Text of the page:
Race and Privilege: A Reaction to Wilson’s “More Than Just Race”
In an American society where White Male is default and access to opportunity is taken for granted, Wilson rightfully asserts in More than Just Race that People of Color must take precautions whites do not take and indeed rarely recognize that these efforts to maintain societal comfort in their favor are even occurring (p. 1). Because special status and ease of opportunity usually go unrecognized by the privileged, it makes it easy to come up with a myriad of unsystematic reasons why persons of color, unskilled laborers and women in poverty remain unable to climb the class ladder.
There is an intrinsic and quite basic neglect to recognize the value in statistics on social problems when they contain roads to solutions and the opposite problem when they point out glaring inequalities (p. 2). Privilege suggests that 47% of people (low-skilled, low or no income earners, Black men and single women) do not contribute to society and therefor are not eligible for the benefits of a communal society. It does not suggest inequality of income, of resources, of opportunity OR maybe most importantly, it does not suggest equity in societal contributions which is actually the case for the bracket spoken about in Romney’s suggestive quote.
Wilson also points out that, as a society, if we can judge a people by the actions it takes rather than the speeches it makes, we have continually determined that systematic denial of opportunity is in the best interest of those with power. As our workforce and the jobs it contains has become more and more technologically advanced, where internet access is a necessity, a cell phone is the communication utility of need, and even McDonald’s drive-thru employees must have a working knowledge of touch screen applications, our education system continues to deny the poor and persons of color access to skills necessary for even the lowest skilled and lowest paying jobs. By allowing our poor schools to lag in computer and technology education, we begin a course of systematic racism/classism by denying even the lowest ladders to be unqualified for the lowest skilled jobs. This winds up favoring middle and upper class/Caucasian applicants (often summer and part-time student workers with more than adequate other opportunities) who may not have families or other responsibilities to support in the same way that low-skilled persons of color do (p. 8).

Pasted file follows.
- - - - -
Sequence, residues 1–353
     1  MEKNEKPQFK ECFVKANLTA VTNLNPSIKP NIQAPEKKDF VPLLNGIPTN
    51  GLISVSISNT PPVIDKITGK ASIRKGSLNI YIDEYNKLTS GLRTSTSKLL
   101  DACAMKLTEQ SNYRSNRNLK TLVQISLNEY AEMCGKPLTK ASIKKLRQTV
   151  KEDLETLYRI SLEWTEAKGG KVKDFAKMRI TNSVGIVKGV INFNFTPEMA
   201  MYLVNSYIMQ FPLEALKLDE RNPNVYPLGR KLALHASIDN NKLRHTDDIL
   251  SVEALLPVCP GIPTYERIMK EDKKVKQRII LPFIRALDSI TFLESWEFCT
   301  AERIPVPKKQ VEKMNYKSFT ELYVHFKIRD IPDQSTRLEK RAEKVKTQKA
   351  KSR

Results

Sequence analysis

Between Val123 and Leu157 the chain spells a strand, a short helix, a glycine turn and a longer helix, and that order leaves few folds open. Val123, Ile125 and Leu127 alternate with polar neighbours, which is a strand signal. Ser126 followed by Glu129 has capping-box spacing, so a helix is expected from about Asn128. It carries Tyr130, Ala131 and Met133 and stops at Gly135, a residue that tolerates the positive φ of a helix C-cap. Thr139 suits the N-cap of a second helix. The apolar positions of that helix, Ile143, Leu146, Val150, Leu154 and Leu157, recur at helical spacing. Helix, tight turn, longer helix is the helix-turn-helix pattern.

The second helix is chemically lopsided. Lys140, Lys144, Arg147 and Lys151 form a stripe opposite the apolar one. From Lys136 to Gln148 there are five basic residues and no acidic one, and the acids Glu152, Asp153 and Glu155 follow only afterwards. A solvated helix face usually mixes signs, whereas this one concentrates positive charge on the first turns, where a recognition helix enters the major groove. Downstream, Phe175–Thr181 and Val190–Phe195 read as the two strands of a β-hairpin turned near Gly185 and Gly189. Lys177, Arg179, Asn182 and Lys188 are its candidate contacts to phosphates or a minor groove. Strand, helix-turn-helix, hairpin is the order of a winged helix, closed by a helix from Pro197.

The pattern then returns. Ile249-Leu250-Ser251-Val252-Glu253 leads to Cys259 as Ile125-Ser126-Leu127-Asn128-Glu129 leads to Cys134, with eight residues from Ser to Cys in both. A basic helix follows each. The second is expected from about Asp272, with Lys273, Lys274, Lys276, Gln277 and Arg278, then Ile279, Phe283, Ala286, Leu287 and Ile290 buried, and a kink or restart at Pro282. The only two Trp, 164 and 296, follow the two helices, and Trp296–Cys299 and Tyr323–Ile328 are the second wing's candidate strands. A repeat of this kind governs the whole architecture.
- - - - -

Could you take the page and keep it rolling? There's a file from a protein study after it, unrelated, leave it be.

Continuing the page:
Due to such limited opportunities, communities and neighborhoods neglected by government and society must create and engage in underground economies and societal norms that create opportunities in the situation dealt them. These adopted codes of street and shady dealings are required for residents where they are adopted, but these reactions to limited economic and social opportunities wind up being circular, self-perpetuating limitations to upward mobility in the society right outside these communities. Because of this, the privileged outside the community can with clear conscience deny the causes of codes and any society hand in them by victim blaming and repudiation of any personal responsibility on the part of the people who live in disadvantaged communities (p. 21).
The privileged make assumptions based on this victim blaming mentality because they have never 1. Been without adequate transportation or access to it except in rare circumstances that were easily rectified; 2. Been without emergency or discretionary income, even a very small amount, where poor persons of color live paycheck to paycheck and have little opportunity to save. When these opportunities arise, they may be denied access to banking, or find their savings obliterated by even a small emergency; 3. Been without an opportunity to relocate should economy or lack of public services necessitate a move and finally,;4. Been in a situation where attachment to space and place became a real and obvious burden to spatial mobility when moving became necessary (p. 26).
Society focuses on micro causes of poverty and lack of economic and class mobility, exposing the normalcy of privileged thinking. It is only when a macro cause fundamentally changes the life or money situation of the privileged that this class acknowledges as a whole that government, culture or policy may profoundly affect individual lives. Unfortunately, even when this happens (taxes increase, the public demands more economic equity) a disconnect remains between how these changes can affect a micro situation and how huge system norms affect real individual lives of those born without inherent privilege (p. 27).